|August 28, 2012|
Schiff Hardin LLP Antitrust and Trade Regulation Alert
FTC, DOJ Antitrust Division to Hold September 10 Workshop on Most Favored Nation Clauses
The Federal Trade Commission and the Antitrust Division of the Department of Justice will hold a workshop on September 10, 2012 to explore the uses of most-favored-nation clauses (MFNs) and the implications for antitrust enforcement and policy. The one-day event will feature several panels of academics, economists, private lawyers and industry representatives, each moderated by FTC or DOJ personnel.
MFNs are used in a wide variety of industries and contractual contexts. In most cases, a seller agrees to sell a product or service to a buyer at a price no higher than the price to any other buyer, now or during the term of the agreement. As a result, the buyer receives some level of assurance that it is receiving the lowest price now and will continue to do so throughout the agreement without the need for re-negotiation or monitoring. The seller also avoids the need for mid-contract re-negotiation while providing compensation to the buyer for something of value to the seller, such as promises of large or long-term purchases or assistance with product development.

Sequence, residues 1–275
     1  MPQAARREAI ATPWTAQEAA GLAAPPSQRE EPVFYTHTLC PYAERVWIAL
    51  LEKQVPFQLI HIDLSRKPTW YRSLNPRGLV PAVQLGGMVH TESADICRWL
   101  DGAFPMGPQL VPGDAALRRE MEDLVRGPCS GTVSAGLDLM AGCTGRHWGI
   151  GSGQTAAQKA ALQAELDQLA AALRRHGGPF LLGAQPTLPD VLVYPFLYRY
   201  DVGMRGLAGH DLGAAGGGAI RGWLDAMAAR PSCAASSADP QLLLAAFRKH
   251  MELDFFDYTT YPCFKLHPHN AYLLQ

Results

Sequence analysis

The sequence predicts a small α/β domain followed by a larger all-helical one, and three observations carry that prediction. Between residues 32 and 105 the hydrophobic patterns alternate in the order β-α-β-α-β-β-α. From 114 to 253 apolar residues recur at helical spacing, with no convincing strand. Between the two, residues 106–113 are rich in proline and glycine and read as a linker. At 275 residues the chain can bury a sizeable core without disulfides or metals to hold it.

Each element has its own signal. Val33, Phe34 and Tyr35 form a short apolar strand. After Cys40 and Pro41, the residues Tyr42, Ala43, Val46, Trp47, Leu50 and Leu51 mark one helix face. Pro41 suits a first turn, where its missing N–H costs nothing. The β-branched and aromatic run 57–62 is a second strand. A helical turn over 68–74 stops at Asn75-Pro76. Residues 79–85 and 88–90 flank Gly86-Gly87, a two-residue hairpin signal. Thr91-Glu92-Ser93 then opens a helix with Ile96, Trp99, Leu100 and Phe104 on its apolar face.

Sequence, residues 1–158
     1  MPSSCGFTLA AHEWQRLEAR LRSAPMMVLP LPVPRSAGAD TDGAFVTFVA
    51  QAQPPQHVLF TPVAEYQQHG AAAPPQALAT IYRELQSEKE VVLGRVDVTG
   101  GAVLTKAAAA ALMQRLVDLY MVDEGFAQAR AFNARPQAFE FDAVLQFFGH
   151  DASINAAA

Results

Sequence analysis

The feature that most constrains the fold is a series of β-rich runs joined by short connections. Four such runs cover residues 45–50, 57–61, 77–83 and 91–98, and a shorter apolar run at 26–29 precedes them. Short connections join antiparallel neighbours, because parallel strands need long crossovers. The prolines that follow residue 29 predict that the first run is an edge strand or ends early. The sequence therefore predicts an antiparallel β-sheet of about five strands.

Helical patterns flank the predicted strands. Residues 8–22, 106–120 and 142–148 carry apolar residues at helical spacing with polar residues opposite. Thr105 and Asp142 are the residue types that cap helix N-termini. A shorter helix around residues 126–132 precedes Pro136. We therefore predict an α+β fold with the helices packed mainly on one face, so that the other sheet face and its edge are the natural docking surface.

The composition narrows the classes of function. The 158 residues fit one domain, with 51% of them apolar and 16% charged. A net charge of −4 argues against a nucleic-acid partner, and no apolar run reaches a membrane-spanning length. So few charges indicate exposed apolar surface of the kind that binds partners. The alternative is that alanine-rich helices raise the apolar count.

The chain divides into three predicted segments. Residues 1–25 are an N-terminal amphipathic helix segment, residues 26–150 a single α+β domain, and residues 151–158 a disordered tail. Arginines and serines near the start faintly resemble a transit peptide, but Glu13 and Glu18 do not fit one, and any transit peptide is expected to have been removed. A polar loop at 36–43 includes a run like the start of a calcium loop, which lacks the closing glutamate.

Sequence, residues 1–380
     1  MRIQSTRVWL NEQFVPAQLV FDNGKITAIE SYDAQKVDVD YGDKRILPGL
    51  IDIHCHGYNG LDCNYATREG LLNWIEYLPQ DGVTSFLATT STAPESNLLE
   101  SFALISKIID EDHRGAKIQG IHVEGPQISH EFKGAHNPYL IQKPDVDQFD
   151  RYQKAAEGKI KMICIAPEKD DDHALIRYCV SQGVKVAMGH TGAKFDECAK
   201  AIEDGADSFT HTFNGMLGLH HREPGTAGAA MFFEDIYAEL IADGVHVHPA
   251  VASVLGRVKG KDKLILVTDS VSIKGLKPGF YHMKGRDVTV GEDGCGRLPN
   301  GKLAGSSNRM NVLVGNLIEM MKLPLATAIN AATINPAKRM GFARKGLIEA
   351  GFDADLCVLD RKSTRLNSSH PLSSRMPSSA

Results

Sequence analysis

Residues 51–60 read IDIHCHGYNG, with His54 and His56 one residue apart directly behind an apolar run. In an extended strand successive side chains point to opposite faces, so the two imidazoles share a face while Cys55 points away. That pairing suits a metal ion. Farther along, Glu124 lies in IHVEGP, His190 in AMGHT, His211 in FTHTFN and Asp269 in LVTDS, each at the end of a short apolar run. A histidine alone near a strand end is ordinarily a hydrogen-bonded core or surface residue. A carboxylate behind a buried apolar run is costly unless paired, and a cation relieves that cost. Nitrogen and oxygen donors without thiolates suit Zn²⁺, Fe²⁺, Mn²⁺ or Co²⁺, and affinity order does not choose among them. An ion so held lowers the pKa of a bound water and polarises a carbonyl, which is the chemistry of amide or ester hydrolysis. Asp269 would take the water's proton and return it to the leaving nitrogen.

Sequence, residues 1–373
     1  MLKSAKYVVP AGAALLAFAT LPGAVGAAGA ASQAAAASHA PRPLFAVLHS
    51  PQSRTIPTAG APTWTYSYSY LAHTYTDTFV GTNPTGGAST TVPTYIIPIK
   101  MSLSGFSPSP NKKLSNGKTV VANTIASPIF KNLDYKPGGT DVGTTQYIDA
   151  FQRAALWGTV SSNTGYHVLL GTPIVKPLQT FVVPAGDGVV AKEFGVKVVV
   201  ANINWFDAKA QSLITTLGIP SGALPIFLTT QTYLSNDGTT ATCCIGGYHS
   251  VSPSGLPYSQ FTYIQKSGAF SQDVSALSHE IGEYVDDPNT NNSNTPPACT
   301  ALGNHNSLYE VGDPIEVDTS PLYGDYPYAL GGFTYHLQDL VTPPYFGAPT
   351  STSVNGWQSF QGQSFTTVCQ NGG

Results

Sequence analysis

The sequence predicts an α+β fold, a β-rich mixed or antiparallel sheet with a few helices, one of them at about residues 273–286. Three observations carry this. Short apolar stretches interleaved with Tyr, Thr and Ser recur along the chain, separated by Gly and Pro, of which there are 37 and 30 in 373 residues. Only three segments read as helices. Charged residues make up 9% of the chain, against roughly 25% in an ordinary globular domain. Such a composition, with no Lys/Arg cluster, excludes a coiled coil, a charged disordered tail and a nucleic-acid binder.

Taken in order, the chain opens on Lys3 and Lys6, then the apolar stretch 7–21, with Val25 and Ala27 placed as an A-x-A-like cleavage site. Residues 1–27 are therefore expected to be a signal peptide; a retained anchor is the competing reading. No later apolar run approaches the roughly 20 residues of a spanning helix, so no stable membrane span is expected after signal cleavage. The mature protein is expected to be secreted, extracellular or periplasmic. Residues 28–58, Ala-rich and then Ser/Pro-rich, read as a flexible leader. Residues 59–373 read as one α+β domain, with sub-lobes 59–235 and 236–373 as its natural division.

Antitrust courts that have reached the competitive merits of MFNs have not found them anti-competitive, whether challenged under Sherman Act Section 1 or 2. The Seventh Circuit in Blue Cross & Blue Shield United v. Marshfield Clinic (65 F.3d 1406, 7th Cir. 1995) described MFNs as "standard devices by which buyers try to bargain for low prices... not price-fixing." The First Circuit described MFNs similarly in Ocean State Physicians Health Plan v. Blue Cross & Blue Shield (883 F.2d 1101, 1st Cir. 1989). Still, enforcers have obtained consent decrees against parties utilizing MFNs under a theory that they encourage coordinated pricing among competing buyers from the same seller or discourage discounting to other customers when the buyer is a large buyer. For example, the DOJ accepted a consent decree prohibiting enforcement of an MFN when the buyer was a health plan that had agreements with 85% of all dentists in Arizona (United States v. Delta Dental Plan, 1995 U.S. Dist. Lexis 9752 (D. Ariz 1995)).
Two recent DOJ actions have raised MFNs' antitrust profile. First, in 2010, DOJ and the State of Michigan sued Blue Cross Blue Shield of Michigan to prevent enforcement of MFN clauses in its agreements with more than half of the general acute care hospitals in Michigan. BCBSM insures more than nine times as many lives as its next largest competitor. The complaint has survived a motion to dismiss. Second, in 2012, DOJ accused Apple Inc. and five book publishers of conspiring regarding the pricing of e-books, including through use of an MFN clause that guaranteed that a book's price on Apple's iBookstore was no more than the price at Amazon.com. DOJ's proposed final judgment with three of the publishers forbids them from entering into an MFN with any e-book retailer.
The panels will explore economic theories and empirical evidence on the effects of MFNs; their legal treatment; and, perhaps most importantly, their use in the real world. The results of the workshop will help inform future treatment of MFNs by the agencies.
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